Nanotechnology News – Latest Headlines

New light at the end of the tunnel

Who wants to decant liquids in the kitchen without spilling knows to value a funnel. Funnels are not only useful tools in the kitchen. Light can also be efficiently concentrated with funnels. In this case, the funnels have to be about 10.000-times smaller.

Oct 17th, 2011

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Battery research: Bionics reduces filling time

The latest development by engineers of KIT is inspired by nature. To fill the porous electrodes of lithium-ion batteries more rapidly with liquid electrolyte, they use a physico-chemical effect that also provides for transport in trees. The new process increases the throughput of battery production and reduces investment costs.

Oct 17th, 2011

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Bristly particles could be boon for powerplants

A well-known method of making heat sinks for electronic devices is a process called sintering, in which powdered metal is formed into a desired shape and then heated in a vacuum to bind the particles together. But in a recent experiment, some students tried sintering copper particles in air and got a big surprise.

Oct 17th, 2011

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Researchers do precise gene therapy without a needle

For the first time, researchers have found a way to inject a precise dose of a gene therapy agent directly into a single living cell without a needle. The technique uses electricity to "shoot" bits of therapeutic biomolecules through a tiny channel and into a cell in a fraction of a second.

Oct 16th, 2011

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New muscles for nanorobots (w/video)

The possibility of a doctor using tiny robots in your body to diagnose and treat medical conditions is now one step closer to becoming reality thanks to research led by a team from the University of Wollongong.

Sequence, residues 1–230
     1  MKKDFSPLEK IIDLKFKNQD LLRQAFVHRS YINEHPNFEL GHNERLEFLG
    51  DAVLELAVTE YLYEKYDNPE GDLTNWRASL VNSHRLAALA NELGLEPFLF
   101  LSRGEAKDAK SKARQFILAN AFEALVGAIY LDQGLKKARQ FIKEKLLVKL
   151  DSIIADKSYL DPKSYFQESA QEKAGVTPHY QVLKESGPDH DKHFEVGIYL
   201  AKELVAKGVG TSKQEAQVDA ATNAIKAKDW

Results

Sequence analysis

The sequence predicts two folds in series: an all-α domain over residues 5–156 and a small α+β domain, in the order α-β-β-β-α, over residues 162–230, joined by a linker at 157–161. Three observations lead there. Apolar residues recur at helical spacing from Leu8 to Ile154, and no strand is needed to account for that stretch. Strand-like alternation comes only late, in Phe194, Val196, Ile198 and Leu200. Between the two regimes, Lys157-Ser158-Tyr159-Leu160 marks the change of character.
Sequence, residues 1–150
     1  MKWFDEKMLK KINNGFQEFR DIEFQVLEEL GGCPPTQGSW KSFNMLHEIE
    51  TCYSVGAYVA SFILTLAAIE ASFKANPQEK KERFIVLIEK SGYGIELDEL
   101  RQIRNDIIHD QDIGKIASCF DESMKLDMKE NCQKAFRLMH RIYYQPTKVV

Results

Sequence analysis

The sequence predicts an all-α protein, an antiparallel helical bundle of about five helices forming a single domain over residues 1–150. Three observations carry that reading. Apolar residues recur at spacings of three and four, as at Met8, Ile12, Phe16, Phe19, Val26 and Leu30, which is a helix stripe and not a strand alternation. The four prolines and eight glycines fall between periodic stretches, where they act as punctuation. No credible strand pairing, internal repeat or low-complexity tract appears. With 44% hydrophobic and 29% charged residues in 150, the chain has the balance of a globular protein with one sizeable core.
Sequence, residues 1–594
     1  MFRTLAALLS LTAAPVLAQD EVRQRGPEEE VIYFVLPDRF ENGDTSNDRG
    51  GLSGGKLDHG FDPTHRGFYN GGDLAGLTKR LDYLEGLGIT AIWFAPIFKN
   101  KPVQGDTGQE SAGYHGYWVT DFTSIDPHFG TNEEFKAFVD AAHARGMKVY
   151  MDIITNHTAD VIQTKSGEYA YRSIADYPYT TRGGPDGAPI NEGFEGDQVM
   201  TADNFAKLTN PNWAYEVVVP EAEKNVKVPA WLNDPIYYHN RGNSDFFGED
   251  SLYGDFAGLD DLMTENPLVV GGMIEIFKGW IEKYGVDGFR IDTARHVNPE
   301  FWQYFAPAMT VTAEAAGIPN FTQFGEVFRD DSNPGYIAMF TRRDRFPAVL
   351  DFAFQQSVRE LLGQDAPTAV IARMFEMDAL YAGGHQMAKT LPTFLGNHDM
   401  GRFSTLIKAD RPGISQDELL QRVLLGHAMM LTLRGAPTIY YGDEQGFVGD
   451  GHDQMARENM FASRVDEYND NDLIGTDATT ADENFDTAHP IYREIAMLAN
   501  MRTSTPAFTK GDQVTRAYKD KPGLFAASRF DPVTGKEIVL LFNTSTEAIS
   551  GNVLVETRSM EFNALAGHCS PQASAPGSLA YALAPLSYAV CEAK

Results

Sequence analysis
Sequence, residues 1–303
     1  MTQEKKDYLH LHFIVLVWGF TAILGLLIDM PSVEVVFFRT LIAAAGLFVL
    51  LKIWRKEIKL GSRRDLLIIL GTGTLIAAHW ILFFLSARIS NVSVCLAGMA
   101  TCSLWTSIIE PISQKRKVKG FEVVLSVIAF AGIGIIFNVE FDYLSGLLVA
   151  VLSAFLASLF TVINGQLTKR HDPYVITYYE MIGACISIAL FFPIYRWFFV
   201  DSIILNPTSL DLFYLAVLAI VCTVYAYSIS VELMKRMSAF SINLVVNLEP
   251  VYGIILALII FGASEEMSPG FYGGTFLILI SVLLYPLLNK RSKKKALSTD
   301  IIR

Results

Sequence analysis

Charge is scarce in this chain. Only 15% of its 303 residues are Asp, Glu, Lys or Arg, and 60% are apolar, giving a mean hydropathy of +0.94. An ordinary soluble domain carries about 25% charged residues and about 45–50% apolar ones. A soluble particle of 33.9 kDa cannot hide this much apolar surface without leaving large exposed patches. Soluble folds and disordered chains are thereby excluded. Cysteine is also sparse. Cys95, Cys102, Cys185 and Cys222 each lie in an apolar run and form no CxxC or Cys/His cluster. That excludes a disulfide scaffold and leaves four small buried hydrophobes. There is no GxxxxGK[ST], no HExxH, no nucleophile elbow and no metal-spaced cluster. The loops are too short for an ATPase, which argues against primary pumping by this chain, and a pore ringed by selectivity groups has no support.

Oct 16th, 2011

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Graphene: Piecing it together

In this progress report, the properties of graphene that make it so attractive as a material for electronics is introduced to the reader. The focus then centers on current synthesis strategies for graphene and their weaknesses in terms of electronics applications are highlighted.

Oct 15th, 2011

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Frustration inspires new form of graphene

Researchers at Northwestern University have developed a new form of graphene that does not stack. The new material - inspired by a trash can full of crumpled-up papers - is made by crumpling the graphene sheets into balls.

Oct 14th, 2011

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A hidden order unraveled - microscopic views on quantum fluctuations

Fluctuations are fundamental to many physical phenomena in our everyday life, such as the phase transitions from a liquid into a gas or from a solid into a liquid. But even at absolute zero temperature, where all motion in the classical world is frozen out, special quantum mechanical fluctuations prevail that can drive the transition between two quantum phases. Researchers have now succeeded in directly observing such quantum fluctuations.

Oct 14th, 2011

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